(Emphasis mine)
Hooboy, can't you just hear them in forty years' time, bragging to their grandchildren about their courageous exploits to save the fledgling Afghanistan government that bravely sought the most brutal punishment to stifle basic religious freedom, and promoted poppy growth to feed the world heroin market? Doesn't it make you wish you were young and idealistic and had a chance to better the world by signing up for duty yourself?

Ah, what stories they will tell...

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Tuesday, March 21, 2006

A Scrotum Try

Ivan of Creative Writing found a nifty site that makes instant anagrams out of anything you throw in.

So he tagged me with this meme: find anagrams for your name (hence the title of this post), plus the name of your blogsite. Some other notables from my name:

A crust, my rot
A curt Ms. Tory
A cut Mrs. Tory
Scar my tutor
Trusty Marco
Scram, Trouty!
YMCA or trust
Carroty smut
Car smut Tory
Racy smut rot

...and far too many more variations with "scary", "smut" and "Tory". This is not all I had hoped it could be. As for anagramming "Tattered Sleeve", I don't think I have the stomach for it, but you can go ahead and put anything interesting you find in the comments thread. Go ahead and give it the 'ol scrotum try!

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Saturday, March 18, 2006

The Afghanistan Mission is Bullshit

Canada is supporting a new government in Afghanistan that is encouraging opium production to supply the world's misguided kids with the heroin that will ultimately destroy them. Canadian kids too. Just lovely. This is not in keeping with the values of most Canadians, and I don't need to wait for a poll to figure that one out.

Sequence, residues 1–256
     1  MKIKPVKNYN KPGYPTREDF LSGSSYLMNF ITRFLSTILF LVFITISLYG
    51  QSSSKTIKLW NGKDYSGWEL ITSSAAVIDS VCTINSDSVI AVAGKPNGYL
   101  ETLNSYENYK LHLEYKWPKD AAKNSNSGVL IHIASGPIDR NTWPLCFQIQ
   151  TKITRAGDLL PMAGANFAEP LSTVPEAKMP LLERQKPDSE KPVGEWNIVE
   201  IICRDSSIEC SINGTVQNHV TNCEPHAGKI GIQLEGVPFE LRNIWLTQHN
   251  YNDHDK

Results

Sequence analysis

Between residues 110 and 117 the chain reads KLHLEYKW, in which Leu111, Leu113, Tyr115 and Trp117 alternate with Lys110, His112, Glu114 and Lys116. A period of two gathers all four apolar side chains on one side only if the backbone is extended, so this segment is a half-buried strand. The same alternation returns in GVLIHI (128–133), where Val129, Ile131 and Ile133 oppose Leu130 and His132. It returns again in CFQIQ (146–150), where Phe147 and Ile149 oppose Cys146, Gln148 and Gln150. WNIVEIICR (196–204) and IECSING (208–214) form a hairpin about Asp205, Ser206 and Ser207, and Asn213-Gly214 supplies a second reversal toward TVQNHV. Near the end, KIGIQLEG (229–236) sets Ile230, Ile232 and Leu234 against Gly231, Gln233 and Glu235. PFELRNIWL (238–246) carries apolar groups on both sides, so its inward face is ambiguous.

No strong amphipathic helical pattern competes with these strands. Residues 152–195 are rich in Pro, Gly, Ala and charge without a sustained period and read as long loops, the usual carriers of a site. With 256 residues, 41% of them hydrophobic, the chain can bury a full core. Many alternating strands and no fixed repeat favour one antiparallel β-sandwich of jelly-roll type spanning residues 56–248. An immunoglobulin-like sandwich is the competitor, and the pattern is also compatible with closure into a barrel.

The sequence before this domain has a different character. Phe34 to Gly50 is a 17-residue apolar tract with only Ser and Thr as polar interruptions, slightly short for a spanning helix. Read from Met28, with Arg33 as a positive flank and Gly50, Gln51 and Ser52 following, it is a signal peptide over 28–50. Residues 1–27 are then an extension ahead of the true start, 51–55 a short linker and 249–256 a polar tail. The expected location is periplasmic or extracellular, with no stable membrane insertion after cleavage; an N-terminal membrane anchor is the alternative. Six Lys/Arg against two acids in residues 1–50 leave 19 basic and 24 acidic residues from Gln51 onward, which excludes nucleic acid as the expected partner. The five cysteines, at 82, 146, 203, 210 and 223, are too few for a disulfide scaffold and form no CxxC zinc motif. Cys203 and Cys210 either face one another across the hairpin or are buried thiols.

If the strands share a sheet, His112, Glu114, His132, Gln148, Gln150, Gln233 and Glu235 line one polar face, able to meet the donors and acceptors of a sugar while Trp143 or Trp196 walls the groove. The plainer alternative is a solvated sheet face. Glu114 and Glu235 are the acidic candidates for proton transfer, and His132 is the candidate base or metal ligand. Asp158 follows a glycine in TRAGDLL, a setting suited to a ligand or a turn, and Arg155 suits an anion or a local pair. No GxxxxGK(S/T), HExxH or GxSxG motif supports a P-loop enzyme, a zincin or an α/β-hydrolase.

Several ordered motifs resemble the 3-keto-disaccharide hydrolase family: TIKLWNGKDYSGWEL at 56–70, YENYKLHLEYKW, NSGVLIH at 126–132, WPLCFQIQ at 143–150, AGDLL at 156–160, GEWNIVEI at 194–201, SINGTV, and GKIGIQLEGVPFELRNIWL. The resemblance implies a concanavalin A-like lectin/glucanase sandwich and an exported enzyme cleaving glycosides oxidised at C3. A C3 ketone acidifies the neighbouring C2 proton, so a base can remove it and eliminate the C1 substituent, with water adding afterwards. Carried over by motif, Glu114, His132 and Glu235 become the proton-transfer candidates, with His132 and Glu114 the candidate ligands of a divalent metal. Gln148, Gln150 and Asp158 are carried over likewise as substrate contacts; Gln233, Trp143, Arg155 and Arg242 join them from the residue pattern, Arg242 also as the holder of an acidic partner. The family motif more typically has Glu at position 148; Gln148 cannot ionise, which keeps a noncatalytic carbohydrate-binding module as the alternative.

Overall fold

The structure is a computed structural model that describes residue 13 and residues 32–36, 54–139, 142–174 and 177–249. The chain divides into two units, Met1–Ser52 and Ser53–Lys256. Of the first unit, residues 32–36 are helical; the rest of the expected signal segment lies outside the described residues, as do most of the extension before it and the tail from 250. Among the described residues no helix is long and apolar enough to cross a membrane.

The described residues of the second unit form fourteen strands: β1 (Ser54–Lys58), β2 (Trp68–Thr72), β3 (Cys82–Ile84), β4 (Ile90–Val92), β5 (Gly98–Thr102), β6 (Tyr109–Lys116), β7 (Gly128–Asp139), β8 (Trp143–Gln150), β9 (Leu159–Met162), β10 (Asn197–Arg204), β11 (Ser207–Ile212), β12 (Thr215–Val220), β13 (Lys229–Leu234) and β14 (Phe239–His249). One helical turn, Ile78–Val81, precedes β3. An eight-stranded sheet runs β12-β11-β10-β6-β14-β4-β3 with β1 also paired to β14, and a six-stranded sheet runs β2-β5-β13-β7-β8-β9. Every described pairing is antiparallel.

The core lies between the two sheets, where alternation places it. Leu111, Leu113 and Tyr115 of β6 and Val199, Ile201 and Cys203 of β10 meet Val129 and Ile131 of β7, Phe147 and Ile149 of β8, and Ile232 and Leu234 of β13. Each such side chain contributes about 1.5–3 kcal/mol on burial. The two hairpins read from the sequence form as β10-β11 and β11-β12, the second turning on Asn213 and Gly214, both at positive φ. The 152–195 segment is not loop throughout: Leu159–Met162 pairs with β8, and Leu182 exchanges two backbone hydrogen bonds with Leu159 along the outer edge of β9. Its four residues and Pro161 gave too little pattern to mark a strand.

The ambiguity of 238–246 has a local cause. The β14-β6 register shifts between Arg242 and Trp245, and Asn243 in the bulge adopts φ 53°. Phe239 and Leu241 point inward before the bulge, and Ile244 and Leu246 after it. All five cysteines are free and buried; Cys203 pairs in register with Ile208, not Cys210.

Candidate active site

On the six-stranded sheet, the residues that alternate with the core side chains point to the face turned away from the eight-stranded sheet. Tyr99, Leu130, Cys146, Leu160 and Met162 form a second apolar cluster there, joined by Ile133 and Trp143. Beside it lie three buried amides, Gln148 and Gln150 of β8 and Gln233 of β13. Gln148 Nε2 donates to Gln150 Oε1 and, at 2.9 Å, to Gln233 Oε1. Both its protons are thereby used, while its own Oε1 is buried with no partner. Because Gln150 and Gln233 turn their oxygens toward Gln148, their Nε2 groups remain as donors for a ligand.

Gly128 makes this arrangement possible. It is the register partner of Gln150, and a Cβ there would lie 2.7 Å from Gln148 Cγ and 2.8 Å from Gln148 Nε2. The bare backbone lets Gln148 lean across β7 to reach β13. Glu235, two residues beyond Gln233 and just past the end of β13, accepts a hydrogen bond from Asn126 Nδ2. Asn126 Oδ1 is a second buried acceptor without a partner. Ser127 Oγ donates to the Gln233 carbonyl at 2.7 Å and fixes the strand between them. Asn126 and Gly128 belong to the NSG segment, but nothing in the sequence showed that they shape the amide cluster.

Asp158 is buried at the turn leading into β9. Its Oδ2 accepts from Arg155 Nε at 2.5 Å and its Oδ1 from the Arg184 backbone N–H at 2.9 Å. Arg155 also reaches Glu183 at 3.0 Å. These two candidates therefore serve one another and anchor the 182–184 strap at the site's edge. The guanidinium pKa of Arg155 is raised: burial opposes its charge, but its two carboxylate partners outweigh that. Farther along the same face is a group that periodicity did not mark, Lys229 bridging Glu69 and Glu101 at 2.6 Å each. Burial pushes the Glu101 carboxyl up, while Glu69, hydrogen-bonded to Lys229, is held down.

Peevey Stevie can spew all the Bushco lines he can memorize to shore up support, but at the end of the day, I'm sorry to say, it's all a load of shit. Karzai, the ex-CIA hack, is not a guy we want to prop up. And he's proving it with this policy. I don't want to hear about how we have NATO commitments. Let's put leaving NATO on the table. I don't want to hear about how the UN has sanctioned the mission. There are other places in the world (and at home) where our armed forces could be more useful. The empty threat of attack here from jihadis will not be stemmed from us killing "bad guys" over there. If anything, it makes us a higher-profile target. And our presence has facilitated the United States to draw down their troop-level in Afghanistan,
In the face of Afghanistan's deepening troubles, the US government is now slashing its funding for reconstruction from a peak of $1 billion in 2004 to a mere $615 million this year. And thanks to the military's recruitment problems, the United States is drawing down its troops from 19,000 to 16,000. In short, despite Bush's feel-good rhetoric, the United States is giving every impression that it is slowly abandoning sideshow Afghanistan.